Andreas Nick, a prominent Christian Democratic Union (CDU) lawmaker and a member of the Foreign Affairs Committee in the German parliament, said that the US envoy needs to rethink his role in Germany or risk becoming a "highly ineffective" ambassador.
He added that the language Grenell used in the interview was “highly inappropriate” and reminiscent of what German extremist politicians used to say in the 1930s.
"If you translate 'awakening' and 'empowering' in this context, very ugly German language comes up, which resonates with the 1920s and 1930s," Nick said, advising Grenell to learn more about German history "and the sensitivities that result from that."
Andreas Nick said that it was up to Washington to decide who it appoints as its representative in Berlin, but added that if Grenell continues in the same vein he risks losing his reputation in the country.
"If he is not here to be a traditional ambassador, but a PR person for the alternative-right movement in Europe," Nick said, "we will have an issue."
Former Social Democrat leader and ex-European Parliament President Martin Schulz has been equally critical of Grenell’s language.
"What this man is doing is unheard of in international diplomacy," Schulz said in an interview with the German news agency DPA.
In an interview with ultra-conservative US news website Breitbart, Grenell said that “There are a lot of conservatives throughout Europe who have contacted me to say they are feeling there is a resurgence going on." He explained this by conservative politicians’ ability to speak up on sensitive issues like migration, taxes and the need to cut red tape.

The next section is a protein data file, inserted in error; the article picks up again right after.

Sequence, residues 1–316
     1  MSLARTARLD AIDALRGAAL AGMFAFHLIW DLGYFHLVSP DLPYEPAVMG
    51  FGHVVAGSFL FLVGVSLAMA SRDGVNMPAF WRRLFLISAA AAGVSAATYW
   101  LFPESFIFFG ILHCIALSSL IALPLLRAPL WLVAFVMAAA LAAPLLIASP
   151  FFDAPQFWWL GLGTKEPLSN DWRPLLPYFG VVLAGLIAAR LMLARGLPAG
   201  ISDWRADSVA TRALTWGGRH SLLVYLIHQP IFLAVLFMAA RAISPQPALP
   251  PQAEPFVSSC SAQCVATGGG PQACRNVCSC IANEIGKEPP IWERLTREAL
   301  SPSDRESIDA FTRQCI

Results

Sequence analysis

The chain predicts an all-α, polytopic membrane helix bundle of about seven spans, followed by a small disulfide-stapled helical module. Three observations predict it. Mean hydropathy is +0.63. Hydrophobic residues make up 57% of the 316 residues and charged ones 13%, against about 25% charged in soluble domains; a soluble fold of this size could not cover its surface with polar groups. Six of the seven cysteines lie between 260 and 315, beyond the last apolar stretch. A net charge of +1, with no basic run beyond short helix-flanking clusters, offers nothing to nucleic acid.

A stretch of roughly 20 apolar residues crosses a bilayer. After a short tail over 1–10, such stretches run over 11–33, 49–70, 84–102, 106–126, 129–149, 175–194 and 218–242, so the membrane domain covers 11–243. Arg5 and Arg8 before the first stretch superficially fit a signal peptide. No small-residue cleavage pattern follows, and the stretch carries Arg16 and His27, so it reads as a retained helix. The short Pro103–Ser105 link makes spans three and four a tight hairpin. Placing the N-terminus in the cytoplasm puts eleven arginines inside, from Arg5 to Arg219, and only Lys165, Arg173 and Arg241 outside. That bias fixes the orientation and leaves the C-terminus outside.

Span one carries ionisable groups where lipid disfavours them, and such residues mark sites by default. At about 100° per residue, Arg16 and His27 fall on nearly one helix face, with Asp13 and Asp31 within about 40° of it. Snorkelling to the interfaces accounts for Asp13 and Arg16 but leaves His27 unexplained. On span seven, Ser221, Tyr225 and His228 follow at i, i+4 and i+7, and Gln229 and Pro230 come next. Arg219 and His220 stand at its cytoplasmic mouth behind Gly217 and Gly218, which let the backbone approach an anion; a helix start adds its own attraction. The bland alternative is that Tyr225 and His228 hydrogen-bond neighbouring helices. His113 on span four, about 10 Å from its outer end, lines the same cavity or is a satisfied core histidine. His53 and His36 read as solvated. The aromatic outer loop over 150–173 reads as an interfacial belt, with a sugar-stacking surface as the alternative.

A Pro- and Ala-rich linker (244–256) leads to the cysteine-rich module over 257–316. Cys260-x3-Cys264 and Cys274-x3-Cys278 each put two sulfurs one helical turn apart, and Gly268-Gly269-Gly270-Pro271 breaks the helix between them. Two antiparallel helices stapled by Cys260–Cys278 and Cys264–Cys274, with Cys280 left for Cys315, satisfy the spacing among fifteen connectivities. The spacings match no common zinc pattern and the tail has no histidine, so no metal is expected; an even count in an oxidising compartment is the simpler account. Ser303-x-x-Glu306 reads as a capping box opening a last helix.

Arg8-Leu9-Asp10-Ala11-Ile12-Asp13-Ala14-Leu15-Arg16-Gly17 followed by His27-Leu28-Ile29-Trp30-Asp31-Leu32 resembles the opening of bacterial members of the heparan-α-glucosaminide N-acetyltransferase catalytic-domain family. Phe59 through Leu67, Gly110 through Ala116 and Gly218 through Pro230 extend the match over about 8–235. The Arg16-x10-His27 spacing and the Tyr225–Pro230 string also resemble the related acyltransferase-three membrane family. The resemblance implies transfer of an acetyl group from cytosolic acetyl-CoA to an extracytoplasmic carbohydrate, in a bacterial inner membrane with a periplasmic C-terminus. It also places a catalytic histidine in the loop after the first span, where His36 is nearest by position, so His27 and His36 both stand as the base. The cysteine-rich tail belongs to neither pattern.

Richard Grenell earlier raised eyebrows in the Bundestag by urging German firms working in Iran to leave the country amid Washington’s plans to withdraw from the 2015 nuclear pact with Tehran.
In Washington, meanwhile, State Department spokeswoman Heather Nauert stood by Grenell saying that US envoys "have a right to express their opinions."
"As an American, we believe in the right to free speech that other countries elsewhere around the world have the right to elect whoever the population chooses," Nauert said.
"Ambassadors have a right to express their opinion. They are representatives of the White House whether it is this administration or other administrations, and we hear them voicing their opinions. And there are sometimes opinions that people may or may not like. And there is the right to freedom of speech as well," Nauert told a briefing on Tuesday.
The spokeswoman stressed that the United States and Germany had a "very strong" relationship, adding that Washington is not supporting any political party.
"We support democracy, we support countries figuring out for themselves who they want to vote in for office," Nauert pointed out.